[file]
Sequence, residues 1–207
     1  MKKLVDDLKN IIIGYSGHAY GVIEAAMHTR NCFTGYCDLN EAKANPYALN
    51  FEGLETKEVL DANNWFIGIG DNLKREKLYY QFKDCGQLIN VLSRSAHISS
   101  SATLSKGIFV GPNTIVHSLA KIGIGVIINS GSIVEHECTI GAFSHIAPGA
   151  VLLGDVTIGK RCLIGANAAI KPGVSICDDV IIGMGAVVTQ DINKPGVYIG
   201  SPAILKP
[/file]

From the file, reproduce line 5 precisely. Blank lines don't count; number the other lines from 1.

   151  VLLGDVTIGK RCLIGANAAI KPGVSICDDV IIGMGAVVTQ DINKPGVYIG